The Early Ministry of Jesus: His Authority Over Our Lives (Mark 1:21-39)
“His authority on earth allows us to dare to go to all the nations. His authority in heaven gives us our only hope of success. And His presence with us leaves us no other choice.” ~John Stott
Verses 29 and 32 indicate the time frame of events. These temporal markers hold the episodes together, as Mark presents these events occurring on the Sabbath. Eventually, Christ’s ministry on the Sabbath will become a major point of contention with the Jewish religious leaders (cf. 2:23-3:6). This brief section of Mark also provides an excellent overview of Jesus’ two major roles of His ministry: a teacher and a miracle worker.
II. The Content
Jesus’ Authority in His Teaching (1:21-23)
1:21-22 With a small band of disciples, Jesus journeys to Capernaum—most likely the hometown of these four fishermen and the center for Jesus’ preaching and healing ministry in Mark’s narrative.
The reader should not miss the authority in Jesus’ words. This authority was first seen in the calling of four fishermen to forsake their occupations and their families to follow a figure who, at least in the narrative, they do not know. Now Jesus’ authority is observed in the crowd’s declaration of His unique teaching. The crowd contrasted Jesus’ teaching with rabbinic exposition, which relied heavily upon the tradition of the elders. Jesus’ teaching cited no other source for authority.
A. Jesus’ Authority in His Miracles (1:24-34)
1. His Power over the Spiritual (1:24-28)
1:24 The authority seen in Jesus’ speech will now be observed in Jesus’ actions. This demon knows both Jesus’ earthly and heavenly existence; therefore, he fears Jesus’ response.
. . . what to me and to you? The phrase calls for disassociation, and thus, could be translated: “Go away and leave me alone!” (cf. Jdg 11:12; 1 Kgs 17:18).
There exists a striking difference between the forms of address employed by the demons versus how the physically sick individuals reference Jesus. The latter group appeals to Jesus as “Lord” (7:8), “Teacher” (9:17), “Son of David” (10:47-48), or “Master” (10:51); whereas the former group addresses Jesus as “the Holy One of God” (1:24), “the Son of God” (3:11), or “the Son of the Most High God” (5:7). The contrast reflects the demons’ superior understanding of Jesus’ identity—an identity on par with God Himself.
1:25-26 Jesus immediately silences the demon, curtailing any self-defense on the part of the evil spirit. The word for silencing carries the notion of “to muzzle, like an ox, or to tie.” The rebuke demonstrates Jesus’ superiority, by commanding the evil spirit to depart from the individual. There is no incantation, ceremony, or service for the exorcism; Jesus simply commands the demons to depart.
Why does Jesus demand silence concerning His identity?
Jesus seeks to avoid unwelcome _____________________. This exposure would create an unwanted political and religious disturbance before His intended timetable (cf. 1:45-2:2; 6:14-16). Jesus’ understanding of His messiahship varied radically from the crowd’s understanding.
The disclosure of the Messiah is on the Lord’s ___________________________, not the demons (14:61-62).
The command to secrecy serves as a ________________________________ to highlight the greatness and glory of Jesus and His identity.
1:27-28 The crowd’s questioning refers not only to the actions of Jesus, but they also questioned his words (i.e., “a new teaching”). Again, this stresses the uniqueness of what has transpired—nothing has been seen or heard before by these people. No wonder his fame spread exponentially throughout the Galilean region?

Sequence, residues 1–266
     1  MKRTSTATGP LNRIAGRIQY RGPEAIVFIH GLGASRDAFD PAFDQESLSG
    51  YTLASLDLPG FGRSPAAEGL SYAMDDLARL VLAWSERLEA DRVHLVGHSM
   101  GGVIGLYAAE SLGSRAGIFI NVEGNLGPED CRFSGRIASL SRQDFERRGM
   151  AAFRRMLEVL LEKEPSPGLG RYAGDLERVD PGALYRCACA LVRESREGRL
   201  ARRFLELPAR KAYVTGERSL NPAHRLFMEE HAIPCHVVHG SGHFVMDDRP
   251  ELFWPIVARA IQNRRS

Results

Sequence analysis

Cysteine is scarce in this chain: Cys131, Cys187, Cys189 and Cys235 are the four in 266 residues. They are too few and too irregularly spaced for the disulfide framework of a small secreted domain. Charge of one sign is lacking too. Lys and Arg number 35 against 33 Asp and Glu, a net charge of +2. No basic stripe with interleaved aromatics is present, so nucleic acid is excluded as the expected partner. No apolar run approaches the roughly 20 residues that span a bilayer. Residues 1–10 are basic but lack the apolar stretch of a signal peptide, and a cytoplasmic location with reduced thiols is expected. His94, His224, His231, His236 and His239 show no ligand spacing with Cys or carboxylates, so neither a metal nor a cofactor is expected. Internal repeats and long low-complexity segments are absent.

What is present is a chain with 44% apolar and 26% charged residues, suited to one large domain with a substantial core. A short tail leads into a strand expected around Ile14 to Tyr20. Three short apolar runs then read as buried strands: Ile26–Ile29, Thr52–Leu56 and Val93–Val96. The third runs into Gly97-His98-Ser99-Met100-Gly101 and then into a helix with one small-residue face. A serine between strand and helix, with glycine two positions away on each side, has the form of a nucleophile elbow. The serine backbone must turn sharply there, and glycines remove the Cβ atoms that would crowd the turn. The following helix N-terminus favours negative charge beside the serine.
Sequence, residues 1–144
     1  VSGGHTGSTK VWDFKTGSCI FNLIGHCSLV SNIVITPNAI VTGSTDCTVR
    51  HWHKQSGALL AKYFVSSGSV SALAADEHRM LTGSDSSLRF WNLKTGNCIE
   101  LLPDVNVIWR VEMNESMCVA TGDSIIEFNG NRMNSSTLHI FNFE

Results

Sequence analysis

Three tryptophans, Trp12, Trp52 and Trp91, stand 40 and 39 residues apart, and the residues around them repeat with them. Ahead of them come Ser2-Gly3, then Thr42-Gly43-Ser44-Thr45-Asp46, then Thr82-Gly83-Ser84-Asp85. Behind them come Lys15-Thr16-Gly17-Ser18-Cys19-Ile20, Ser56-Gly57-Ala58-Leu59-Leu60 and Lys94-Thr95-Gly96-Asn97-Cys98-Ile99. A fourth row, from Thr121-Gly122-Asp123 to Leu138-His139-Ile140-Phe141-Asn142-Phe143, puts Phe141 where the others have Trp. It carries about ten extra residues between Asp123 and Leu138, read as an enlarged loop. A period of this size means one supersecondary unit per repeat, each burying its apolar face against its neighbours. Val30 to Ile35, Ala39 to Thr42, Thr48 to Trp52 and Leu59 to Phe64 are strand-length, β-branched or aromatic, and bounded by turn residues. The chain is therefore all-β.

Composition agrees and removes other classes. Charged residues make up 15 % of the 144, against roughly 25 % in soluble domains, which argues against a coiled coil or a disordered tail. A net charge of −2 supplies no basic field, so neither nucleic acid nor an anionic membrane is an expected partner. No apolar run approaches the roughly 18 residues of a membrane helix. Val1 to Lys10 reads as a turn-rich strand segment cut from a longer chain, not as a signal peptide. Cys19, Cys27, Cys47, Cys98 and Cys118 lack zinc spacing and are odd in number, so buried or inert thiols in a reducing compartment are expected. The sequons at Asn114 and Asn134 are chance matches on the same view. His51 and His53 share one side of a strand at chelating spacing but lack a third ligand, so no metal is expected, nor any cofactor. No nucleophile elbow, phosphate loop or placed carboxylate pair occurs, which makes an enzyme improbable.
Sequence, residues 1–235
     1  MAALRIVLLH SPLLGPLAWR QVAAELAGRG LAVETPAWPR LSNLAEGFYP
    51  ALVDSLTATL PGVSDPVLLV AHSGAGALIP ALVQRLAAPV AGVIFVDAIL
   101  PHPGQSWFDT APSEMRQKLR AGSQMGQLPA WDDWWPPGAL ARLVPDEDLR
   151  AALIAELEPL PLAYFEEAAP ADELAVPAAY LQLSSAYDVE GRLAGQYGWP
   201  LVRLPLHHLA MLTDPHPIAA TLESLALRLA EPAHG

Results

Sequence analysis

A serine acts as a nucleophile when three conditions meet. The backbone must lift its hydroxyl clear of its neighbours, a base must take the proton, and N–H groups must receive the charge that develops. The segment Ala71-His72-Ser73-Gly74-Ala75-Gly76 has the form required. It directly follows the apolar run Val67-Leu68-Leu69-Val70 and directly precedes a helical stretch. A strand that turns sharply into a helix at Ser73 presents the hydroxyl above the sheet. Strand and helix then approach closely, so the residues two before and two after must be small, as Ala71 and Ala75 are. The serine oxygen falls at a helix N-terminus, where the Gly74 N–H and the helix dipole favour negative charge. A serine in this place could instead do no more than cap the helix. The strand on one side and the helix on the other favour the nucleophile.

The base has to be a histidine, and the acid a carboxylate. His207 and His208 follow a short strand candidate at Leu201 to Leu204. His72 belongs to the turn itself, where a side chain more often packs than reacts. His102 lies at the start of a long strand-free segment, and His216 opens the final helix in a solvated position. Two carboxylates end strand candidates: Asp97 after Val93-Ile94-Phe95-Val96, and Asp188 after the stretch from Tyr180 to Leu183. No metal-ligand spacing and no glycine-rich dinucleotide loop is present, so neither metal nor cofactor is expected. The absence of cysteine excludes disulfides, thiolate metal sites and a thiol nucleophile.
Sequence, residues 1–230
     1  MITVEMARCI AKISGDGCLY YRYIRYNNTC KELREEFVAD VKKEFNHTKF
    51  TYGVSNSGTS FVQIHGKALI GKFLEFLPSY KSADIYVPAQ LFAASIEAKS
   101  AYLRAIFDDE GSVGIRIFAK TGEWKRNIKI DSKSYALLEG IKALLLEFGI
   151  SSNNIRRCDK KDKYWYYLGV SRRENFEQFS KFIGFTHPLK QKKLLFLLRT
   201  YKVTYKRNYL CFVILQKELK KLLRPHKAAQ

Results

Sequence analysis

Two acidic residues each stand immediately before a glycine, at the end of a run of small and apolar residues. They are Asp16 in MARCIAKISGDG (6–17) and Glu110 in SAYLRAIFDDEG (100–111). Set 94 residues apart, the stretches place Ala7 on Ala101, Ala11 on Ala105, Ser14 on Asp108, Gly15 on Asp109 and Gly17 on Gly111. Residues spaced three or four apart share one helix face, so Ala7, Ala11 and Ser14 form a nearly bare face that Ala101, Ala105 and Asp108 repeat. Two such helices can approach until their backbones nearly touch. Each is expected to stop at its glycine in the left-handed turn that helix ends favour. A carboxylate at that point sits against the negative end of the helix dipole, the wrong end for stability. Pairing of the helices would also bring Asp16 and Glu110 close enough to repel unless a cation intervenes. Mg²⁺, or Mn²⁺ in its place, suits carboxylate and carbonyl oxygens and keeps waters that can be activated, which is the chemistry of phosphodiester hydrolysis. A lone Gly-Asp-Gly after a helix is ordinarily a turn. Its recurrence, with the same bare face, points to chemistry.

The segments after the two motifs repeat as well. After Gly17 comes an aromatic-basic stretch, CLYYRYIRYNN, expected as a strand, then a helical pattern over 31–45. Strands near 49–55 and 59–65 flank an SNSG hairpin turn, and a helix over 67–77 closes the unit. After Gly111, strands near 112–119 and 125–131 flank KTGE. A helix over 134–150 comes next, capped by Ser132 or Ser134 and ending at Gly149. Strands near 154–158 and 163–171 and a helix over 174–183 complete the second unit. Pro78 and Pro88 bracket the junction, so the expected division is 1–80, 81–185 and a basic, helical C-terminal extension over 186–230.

2. His Power over the Physical (1:29-34)
1:29-31 Unlike the healing of the demoniac, Jesus does not speak when healing Peter’s mother-in-law. The thoroughness of the healing can be seen in her ability to turn around and serve them.
1:32-34 With the passing of the Sabbath (“evening had come”), the people could bring or carry the sick individuals to Jesus. Mark describes the size of the crowd by utilizing a particular verb tense for “carry,” which indicates a continual flow of people. He also uses a particular tense of the participle, “to gather together,” implying an ever-growing mass of people.
The final verse of this pericope demonstrates Jesus can heal a variety of illnesses and cast out many demons.
B. Jesus’ Authority in His Agenda (1:35-39)
1:35 Despite having ministered to the people late into the night, Jesus arises before sunrise and goes to a secluded spot to pray.
1:36-37 This is the first indication of Peter taking the leadership role among the disciples in Mark’s gospel. Peter’s statement seems to imply an annoyance at the fact that Jesus should depart when the entire crowd is seeking Jesus.
1:38-39 Contrary to Peter’s expectation, Jesus desires to go to another village. To further increase the disciples’ anxiety, Jesus mentions they will leave Capernaum and travel to smaller villages! Jesus’ response illustrates Peter’s improper assessment of what has transpired in Capernaum. The people were not concerned with spiritual matters (i.e., repentance); rather, they were focused upon their physical needs (e.g., ailment). The kingdom of God was the focal point of Jesus’ ministry, not the casting out of demons or healing the sick.
III. The Intersect
The same authority Jesus displayed when He walked this earth is the same authority He operates by in the world today.
As believers, we have the privilege of having this same “power reserve” dwelling within us!
2 Timothy 1:7 –
We need to be careful not to become consumed with immediate physical or spiritual trials and be reminded that the Kingdom of God supersedes any trial we face today.
Psalm 107 –
A recognition of the Lord’s authority results in allowing Him to lead.
Isaiah 48:7 –
“Faith never knows where it is being led, but it loves and knows the One who is leading.”
~ Oswald Chambers